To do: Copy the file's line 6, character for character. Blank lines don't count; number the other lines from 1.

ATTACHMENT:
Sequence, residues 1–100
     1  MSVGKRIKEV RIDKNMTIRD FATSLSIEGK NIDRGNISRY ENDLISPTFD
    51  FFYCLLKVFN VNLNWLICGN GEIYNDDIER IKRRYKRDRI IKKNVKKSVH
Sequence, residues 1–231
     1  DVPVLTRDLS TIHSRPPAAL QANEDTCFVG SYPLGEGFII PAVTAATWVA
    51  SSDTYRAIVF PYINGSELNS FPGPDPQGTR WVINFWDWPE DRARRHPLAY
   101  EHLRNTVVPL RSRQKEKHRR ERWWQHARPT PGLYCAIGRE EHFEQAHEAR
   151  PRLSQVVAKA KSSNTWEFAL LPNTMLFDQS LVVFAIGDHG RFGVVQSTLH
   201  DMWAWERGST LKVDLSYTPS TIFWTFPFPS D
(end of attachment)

    51  SSDTYRAIVF PYINGSELNS FPGPDPQGTR WVINFWDWPE DRARRHPLAY